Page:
The emission of light during the oxidative degradation process of the organics is a part of the reaction course. The first step is the formation of unstable alkyl radicals, which immediately scavenge the oxygen from the atmosphere to form peroxy radicals. These react further and transform into different species in an accelerating degradation cycle (auto-oxidation, left part of figure 1). It is normally attributed to a transition of excited triplet-carbonyl-functions (3R=O*) into their ground state. The spectral range of the light emitted varies according to the type of substances involved. In most cases the chemiluminescence is observed in the short wave region of the visible spectrum from 380 to 450 nm. However, there are well-known exceptions: the relaxation of 1O2 can be detected in the infrared region at ca. 1'200nm.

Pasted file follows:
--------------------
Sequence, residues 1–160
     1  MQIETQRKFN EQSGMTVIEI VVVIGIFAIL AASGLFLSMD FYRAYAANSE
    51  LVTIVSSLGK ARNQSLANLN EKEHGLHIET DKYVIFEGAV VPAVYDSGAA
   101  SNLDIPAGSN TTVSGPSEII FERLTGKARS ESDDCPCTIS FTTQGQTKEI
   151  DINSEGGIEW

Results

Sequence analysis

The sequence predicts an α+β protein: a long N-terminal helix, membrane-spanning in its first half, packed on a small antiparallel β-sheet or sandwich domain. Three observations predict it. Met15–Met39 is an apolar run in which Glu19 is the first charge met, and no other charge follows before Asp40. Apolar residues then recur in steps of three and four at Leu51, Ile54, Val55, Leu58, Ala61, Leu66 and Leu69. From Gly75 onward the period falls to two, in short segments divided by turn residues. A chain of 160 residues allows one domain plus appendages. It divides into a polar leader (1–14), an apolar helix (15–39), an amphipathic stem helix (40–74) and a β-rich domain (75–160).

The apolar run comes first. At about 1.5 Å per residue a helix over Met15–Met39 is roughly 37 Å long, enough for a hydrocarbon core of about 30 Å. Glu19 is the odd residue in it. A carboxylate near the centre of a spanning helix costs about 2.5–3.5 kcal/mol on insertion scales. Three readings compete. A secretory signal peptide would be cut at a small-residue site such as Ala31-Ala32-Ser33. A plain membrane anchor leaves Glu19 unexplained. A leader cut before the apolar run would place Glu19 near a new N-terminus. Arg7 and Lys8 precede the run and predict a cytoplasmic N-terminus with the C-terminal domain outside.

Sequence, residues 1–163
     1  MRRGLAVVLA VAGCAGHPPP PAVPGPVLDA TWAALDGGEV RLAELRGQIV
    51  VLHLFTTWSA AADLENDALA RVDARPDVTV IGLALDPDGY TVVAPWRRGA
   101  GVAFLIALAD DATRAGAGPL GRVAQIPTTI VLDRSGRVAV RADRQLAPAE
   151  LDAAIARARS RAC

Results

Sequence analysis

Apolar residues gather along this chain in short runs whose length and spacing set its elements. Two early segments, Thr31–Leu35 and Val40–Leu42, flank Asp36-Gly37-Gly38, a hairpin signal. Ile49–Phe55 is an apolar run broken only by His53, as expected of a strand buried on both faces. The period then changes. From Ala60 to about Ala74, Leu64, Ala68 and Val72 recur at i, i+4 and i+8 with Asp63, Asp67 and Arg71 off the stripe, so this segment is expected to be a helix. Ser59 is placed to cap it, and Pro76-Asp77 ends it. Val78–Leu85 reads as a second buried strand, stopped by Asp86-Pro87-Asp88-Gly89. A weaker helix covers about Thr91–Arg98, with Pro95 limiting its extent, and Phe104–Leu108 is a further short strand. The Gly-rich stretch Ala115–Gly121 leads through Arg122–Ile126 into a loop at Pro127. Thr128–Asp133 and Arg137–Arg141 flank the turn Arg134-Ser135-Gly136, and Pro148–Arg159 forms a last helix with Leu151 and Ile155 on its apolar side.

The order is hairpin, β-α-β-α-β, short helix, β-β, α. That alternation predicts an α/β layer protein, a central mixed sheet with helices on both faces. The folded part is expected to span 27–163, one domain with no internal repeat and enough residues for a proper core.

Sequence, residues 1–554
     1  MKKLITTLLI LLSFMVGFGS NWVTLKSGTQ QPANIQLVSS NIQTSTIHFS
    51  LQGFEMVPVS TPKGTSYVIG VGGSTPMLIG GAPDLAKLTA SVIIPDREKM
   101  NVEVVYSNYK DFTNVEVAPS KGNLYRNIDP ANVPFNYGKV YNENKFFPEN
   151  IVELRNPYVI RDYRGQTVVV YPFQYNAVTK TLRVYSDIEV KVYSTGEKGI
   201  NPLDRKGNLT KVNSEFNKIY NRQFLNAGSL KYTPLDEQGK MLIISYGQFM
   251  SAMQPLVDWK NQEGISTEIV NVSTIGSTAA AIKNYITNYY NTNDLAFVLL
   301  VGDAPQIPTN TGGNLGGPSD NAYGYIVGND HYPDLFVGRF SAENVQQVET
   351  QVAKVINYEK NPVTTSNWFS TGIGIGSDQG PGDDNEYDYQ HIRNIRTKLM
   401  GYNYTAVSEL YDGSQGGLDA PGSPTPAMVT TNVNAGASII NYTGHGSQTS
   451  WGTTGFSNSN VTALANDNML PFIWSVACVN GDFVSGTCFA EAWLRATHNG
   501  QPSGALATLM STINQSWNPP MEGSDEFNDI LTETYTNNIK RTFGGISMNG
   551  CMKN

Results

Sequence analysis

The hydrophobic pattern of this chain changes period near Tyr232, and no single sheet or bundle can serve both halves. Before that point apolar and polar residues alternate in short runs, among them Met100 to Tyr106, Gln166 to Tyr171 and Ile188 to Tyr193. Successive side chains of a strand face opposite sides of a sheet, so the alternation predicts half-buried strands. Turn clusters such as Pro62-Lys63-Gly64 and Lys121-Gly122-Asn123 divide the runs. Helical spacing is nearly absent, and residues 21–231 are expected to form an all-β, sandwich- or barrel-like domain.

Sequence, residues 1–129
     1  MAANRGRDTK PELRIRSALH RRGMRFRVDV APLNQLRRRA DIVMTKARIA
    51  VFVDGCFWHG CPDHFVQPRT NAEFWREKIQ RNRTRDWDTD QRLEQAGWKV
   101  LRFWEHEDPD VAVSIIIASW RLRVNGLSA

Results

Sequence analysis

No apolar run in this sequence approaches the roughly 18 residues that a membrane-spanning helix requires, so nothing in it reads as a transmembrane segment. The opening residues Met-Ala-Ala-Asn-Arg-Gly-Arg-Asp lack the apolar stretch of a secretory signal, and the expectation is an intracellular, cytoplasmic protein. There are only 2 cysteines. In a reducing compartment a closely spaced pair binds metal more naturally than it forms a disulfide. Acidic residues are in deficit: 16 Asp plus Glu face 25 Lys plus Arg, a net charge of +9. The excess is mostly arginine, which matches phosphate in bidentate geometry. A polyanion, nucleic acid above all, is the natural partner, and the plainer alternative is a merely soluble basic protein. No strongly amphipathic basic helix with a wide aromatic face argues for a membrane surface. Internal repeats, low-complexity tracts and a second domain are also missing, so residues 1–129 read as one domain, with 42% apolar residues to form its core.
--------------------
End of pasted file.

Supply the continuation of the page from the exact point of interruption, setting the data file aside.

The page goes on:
The required energy (290-340 kJ mol-1) may be supplied by basically three different chemical mechanisms:

a) The combination of two peroxy radicals with concomitant fragmentation in a Russel mechanism is strongly exothermal (460 kJ mol-1). The CL-emitter is an excited “triplet” carbonyl function (right-hand part of figure).

b) The direct homolysis of hydroperoxides followed by a cage reaction leads to an excited carbonyl-function and is combined with the evolution of 315 kJ mol-1.

c) The metathesis of alcoxy or peroxy radicals provides 374 kJ/mol and 323 kJ/mol, respectively. It has been shown, that the CL signal intensity reveals the existence of two kinetic stages during oxidative degradation of organic materials: The first one is corre­lated with the concentration of peroxide groups, the second stage corres­ponds to the oxidation propagation by the hydrogen abstraction responsible for the carbonyl formation.

Simplified scheme of the organic substance's autooxidation (on the left hand) and the so called Russel mechanism (on the right hand): formation of an excited triplet-carbonyl (3R=O*) function by the recombination of 2 peroxy radicals (ROO˙) and its instantaneous relaxation to the ground state under the emission of one photon (chemiluminescence).
Russel mechanism

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